In honor of Rod Romney’s passing this week, we post a copy of his sermon entitled, “The Blessings of Old Age,” which he shared in 2004 at the Baptist Community Church in Arco Idaho. Rod was an inspiration to many in the Spirit in Action community and a good friend to Del Anderson. You can read Rod’s obituary here.
The sermon is worth sharing in its entirety and I encourage you to stop and read the whole inspiring message about embracing – and enjoying – our later years.
Today I want to talk about the blessings of old age. You may well ask if that is an oxymoron, a phrase that does not make sense. Old age, as Art Linkletter once said, is not for sissies. Often old age can be marked by severe losses of many kinds, as well as illnesses. So what indeed are the blessings that old age offers in a youth-oriented culture that prizes its youngest as its best?
These blessings are numerous, as I have discovered since my retirement four years ago and having now reached the age of 73. I confess that when I first retired after six years of teaching and forty years of ministry, I had the feeling I had been put on the shelf as one who is just taking up space while waiting to die. For a very short time I felt useless. But as I entered more fully into retirement, I began to experience a freedom and newness I had never felt before. So I want to talk today about the particular blessings that I believe old age can bring: a lack of competition, a gentle wisdom, a wider perspective, and a more loving vision.
Lack of Competition
Most of our professional years are spent competing with others for place, acceptance, and recognition. We enter this world asking three basic questions: who am I, what did I come here to do, and what’s next? In trying to answer those questions we often compete with others and do our best to stay ahead and keep up with whatever norms society may impose upon us.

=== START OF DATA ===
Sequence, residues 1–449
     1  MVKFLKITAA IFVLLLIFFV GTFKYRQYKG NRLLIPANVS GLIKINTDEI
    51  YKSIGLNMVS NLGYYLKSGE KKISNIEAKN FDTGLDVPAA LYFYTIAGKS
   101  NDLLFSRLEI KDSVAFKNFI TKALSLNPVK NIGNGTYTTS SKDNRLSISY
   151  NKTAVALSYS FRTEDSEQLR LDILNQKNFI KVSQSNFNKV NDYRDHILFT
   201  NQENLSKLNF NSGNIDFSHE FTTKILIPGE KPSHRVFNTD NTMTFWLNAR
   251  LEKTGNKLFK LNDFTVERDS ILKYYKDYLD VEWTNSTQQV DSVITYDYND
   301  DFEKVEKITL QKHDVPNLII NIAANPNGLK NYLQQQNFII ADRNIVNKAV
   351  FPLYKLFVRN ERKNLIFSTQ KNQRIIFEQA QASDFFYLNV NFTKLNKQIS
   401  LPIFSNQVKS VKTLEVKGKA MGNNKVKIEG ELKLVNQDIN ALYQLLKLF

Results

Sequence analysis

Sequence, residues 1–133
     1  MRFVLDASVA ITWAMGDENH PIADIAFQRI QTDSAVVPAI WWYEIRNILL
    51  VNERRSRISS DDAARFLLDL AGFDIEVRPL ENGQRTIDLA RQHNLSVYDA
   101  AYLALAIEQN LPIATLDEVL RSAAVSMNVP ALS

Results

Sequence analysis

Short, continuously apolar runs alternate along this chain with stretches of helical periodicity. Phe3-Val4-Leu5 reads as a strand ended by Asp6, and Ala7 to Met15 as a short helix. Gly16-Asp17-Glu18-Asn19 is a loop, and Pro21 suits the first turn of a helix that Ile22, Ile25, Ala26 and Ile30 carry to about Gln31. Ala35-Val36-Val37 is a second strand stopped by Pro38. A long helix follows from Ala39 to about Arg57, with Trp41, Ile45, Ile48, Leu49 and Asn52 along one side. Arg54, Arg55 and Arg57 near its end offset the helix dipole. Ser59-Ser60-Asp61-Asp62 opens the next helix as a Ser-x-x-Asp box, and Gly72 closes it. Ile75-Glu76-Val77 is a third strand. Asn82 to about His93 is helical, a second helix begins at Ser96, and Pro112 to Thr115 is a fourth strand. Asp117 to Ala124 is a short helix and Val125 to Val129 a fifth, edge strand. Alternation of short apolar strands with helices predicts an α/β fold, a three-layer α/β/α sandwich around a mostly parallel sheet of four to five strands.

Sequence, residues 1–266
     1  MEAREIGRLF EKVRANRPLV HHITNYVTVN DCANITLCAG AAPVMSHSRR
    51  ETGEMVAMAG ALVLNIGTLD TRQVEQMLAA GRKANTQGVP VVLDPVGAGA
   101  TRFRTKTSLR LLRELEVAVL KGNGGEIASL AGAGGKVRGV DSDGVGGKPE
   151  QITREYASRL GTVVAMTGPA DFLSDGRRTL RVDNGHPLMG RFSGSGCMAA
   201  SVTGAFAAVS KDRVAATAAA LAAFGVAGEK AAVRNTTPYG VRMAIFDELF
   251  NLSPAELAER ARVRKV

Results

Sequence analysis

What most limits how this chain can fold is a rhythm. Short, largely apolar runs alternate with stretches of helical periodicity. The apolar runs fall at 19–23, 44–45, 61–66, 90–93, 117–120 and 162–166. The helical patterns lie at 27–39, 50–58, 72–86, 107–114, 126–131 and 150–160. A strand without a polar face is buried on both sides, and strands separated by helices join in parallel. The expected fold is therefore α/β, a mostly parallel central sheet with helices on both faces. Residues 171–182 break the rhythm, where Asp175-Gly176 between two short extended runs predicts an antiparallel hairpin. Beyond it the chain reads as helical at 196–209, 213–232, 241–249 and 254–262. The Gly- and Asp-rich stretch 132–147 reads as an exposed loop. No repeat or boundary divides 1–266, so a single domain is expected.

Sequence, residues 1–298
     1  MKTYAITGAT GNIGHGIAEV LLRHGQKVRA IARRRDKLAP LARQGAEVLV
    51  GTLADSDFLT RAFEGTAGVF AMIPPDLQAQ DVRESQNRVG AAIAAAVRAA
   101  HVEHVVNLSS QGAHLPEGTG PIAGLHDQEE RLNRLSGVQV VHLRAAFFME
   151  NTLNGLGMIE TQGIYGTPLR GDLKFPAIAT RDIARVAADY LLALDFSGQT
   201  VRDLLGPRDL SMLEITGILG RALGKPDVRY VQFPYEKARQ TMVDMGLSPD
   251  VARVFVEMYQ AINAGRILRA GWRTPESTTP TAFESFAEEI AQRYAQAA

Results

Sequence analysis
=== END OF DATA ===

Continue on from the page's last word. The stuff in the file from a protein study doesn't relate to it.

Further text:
But in old age, there is no longer any need to do that. We have nothing to prove, nothing to defend, and nothing we need to achieve. For the first time in our lives we are free to live without competing with our fellow human creatures. We can settle in and discover more about ourselves, who we are, what we came here to do, as well as spend some time wondering about what’s ahead. We don’t have to prove ourselves any longer. We can be who we are, say what we feel, and let the chips falls where they may.
A Gentle Wisdom
Old people are often characterized as being cantankerous, set in their ways, and forgetful. That is occasionally true, but it need not be the case. You who are in the younger set can begin now to program yourselves to a different way when you reach what is often described as the golden years. The body may be in precarious shape when you become eighty or ninety, but the spirit within can be as full and vibrant as ever. We have more time to reflect, to look backward as well as forward. Rather than regretting all the things we used to do but can’t do anymore, we can look for new things to do that fit our physical or mental limitations.
I have discovered a gentle kind of wisdom emerging in myself in this time of retirement. I have three prayers that were given to me as I wrestled one day with the question of what to do when there was no more job, no more assigned duties, no more routine. The prayers that emerged from that time were these: (a) O God, keep me vital, (b) O God, keep me useful, (c) O God, keep me filled with wonder.
Vitality requires that I exercise both my body and my mind each day, which I have tried to do by going regularly to a gym and by reading new books, trying out new ideas, and writing. Usefulness requires that I be willing to take on the tasks and assignments that come to me which I know absolutely are mine to do, and to let go of those which are not mine. Being filled with wonder requires that I read, ponder and pray daily about the meaning of life and open myself to the mystery and wonder of a God who loves all of us unconditionally.